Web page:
On Diversifying Investments

Don Garton |

Diversification is a cornerstone of investment advice. The most common saying along those lines is probably “never put all your eggs in one basket” and that is certainly true for the prudent investor. Markets fluctuate through economic change, business cycles, and a wide variety of factors. Managing these peaks and valleys is the primary goal of your investment plan. The best defense against risks in any investment strategy is a diverse and well-balanced allocation of your assets.

The most basic form of diversified investment strategy is a mix of stocks and bonds. Generally, those two asset classes perform differently in relation to market conditions. Stocks often perform well when the economy is growing, unemployment is low, and consumers are confident when they reach for their wallets. Low interest rates help to generate stock market gains because many investors use loans/debt to buy stocks, driving up prices. When the cost of borrowing money is cheaper, it’s easier to find capital to invest in the markets.

On the other hand, bonds typically perform well in times of trouble. Bondholders have better protection against downturns in the market, as they get paid out first in bankruptcy or corporate restructuring. The last investors to get paid are the stockholders, but of course they also benefit from the upside (dividend growth, increased stock value, etc). Bonds are often thought of as “safer” than stocks for many reasons, but they all work together to keep your investment in better shape if the company, industry, or economy struggles.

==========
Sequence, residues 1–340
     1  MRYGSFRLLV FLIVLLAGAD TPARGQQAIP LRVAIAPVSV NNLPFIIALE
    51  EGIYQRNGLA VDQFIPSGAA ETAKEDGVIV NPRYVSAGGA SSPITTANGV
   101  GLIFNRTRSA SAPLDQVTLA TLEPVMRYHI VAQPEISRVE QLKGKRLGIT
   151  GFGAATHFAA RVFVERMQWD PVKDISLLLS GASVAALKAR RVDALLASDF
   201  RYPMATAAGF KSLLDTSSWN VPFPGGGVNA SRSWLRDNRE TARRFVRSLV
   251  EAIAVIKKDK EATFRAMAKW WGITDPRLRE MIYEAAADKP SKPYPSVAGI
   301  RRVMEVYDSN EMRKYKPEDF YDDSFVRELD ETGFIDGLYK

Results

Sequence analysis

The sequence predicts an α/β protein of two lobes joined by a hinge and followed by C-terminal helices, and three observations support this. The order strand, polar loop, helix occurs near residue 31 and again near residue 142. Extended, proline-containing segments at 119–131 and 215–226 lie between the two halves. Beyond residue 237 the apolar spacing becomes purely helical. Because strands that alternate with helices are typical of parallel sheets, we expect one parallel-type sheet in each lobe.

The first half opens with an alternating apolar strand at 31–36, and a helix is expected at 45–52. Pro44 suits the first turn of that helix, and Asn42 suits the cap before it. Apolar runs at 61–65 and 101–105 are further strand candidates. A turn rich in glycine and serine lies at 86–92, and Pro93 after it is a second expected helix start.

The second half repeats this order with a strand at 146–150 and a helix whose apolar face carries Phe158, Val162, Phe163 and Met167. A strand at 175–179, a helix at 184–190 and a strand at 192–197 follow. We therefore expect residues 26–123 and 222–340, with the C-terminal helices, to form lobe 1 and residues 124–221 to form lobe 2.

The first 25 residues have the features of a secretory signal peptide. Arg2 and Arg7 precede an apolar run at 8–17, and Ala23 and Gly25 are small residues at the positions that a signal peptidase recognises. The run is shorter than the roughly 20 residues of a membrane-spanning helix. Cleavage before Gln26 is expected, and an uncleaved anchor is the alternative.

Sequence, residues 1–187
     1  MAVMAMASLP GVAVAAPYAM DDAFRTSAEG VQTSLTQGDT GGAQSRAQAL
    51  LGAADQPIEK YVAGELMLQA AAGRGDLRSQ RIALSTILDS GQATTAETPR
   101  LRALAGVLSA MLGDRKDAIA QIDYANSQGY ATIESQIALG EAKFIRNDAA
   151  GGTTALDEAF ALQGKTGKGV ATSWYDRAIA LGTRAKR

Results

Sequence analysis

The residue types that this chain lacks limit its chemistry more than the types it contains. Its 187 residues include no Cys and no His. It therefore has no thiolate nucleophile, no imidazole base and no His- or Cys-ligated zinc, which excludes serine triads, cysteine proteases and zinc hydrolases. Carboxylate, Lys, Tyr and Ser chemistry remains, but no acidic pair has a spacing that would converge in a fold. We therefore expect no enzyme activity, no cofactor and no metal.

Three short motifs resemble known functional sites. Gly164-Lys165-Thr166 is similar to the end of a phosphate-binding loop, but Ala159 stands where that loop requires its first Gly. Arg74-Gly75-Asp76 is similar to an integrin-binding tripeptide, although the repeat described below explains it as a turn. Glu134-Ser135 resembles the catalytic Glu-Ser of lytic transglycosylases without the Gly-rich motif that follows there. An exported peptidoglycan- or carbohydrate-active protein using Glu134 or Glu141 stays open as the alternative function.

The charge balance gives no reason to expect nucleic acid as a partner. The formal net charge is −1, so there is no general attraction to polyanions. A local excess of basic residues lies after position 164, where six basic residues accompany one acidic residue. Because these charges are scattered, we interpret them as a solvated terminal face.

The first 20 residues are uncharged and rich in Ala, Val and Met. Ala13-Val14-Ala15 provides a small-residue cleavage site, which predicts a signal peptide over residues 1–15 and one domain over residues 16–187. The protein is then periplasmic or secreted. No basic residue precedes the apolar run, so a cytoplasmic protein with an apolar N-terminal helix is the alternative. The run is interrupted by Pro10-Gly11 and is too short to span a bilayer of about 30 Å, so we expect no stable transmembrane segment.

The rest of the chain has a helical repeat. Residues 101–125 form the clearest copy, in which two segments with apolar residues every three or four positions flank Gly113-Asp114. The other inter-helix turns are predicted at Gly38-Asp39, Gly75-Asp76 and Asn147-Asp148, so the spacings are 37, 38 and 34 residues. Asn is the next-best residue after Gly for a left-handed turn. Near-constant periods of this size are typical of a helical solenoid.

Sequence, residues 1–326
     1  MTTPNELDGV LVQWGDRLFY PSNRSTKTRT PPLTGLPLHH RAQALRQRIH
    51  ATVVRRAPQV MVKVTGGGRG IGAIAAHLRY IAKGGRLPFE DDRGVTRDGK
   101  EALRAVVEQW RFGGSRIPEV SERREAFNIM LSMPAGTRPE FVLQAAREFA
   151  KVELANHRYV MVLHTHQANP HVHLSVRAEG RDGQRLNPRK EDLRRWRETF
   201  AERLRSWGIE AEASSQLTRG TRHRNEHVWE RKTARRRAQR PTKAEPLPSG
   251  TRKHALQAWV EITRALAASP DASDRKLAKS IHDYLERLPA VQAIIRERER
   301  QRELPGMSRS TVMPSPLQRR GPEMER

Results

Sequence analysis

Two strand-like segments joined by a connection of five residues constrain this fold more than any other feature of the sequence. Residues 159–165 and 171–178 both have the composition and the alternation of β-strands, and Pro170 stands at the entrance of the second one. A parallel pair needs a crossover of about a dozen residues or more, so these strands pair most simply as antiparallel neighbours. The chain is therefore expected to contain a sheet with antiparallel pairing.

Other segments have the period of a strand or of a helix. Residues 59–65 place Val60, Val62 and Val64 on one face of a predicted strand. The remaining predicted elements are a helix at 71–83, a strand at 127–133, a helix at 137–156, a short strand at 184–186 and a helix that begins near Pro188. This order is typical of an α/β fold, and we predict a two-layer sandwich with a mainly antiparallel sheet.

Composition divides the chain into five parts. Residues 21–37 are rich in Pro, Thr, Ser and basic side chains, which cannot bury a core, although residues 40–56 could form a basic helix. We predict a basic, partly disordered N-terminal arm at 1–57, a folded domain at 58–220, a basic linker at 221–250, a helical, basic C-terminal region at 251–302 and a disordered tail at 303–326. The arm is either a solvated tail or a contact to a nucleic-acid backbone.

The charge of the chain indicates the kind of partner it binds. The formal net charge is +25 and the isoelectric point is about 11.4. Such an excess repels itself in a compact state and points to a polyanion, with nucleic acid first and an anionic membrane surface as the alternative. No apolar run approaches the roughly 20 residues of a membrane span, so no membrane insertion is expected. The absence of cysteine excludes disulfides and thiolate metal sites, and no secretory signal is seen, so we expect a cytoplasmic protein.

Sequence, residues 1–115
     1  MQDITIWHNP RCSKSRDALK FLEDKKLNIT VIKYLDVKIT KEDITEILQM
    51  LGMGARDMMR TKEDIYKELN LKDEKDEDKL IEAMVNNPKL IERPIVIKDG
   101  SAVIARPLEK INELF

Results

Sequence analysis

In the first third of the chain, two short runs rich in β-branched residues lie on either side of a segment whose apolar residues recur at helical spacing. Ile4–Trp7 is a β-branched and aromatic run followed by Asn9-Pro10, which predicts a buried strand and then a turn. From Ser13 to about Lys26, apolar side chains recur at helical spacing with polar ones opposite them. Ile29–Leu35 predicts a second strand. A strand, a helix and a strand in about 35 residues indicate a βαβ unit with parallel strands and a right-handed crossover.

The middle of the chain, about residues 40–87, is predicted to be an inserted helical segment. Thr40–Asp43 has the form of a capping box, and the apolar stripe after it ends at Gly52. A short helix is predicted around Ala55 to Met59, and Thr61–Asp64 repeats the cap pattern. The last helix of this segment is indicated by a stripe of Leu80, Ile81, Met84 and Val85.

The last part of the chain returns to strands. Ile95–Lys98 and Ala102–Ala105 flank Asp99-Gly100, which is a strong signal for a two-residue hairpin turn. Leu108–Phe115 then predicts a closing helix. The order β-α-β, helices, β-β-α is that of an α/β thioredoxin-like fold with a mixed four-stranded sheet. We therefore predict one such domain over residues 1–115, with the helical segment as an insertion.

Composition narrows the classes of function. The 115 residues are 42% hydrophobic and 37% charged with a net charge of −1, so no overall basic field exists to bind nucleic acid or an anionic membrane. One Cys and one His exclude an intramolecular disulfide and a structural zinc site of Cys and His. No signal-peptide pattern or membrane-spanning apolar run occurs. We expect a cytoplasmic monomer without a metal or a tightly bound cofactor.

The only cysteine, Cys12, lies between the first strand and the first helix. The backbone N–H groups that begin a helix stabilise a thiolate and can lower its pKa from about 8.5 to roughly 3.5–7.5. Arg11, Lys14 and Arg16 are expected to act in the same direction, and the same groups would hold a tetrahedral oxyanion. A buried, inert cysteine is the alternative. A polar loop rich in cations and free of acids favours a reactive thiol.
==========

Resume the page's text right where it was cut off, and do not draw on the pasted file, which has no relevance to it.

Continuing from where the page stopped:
Diversified portfolios should include more than just a mix of asset classes. It’s important to diversify across geographies, industries, size, management style, and investment alternatives. Only investing in large-cap stocks (i.e. the biggest companies), your investment income can be limited. If you invest in the smallest companies only, your portfolio is liable to be very volatile. 

While it’s tempting to just own stocks in good times and bonds in bad times, it’s not always easy to predict the market. By holding a mix of stock and bonds, you can hedge your bets and hope to earn income from your investments in good times and bad. Historical data shows it pays to be patient and let diversity protect your investment portfolio over time.

Helping determine the best way for you to diversify your investments based on your tolerances and specific situations is our strength. By purchasing the right mix of stocks and bonds (and exactly what to buy in these asset classes) we can serve you well and help add value to your portfolio. As we navigate the current market, now is a great time to review and reallocate your investment portfolio. Give us a call at (502) 212-3000 and schedule a review so we can discuss appropriate investments for you.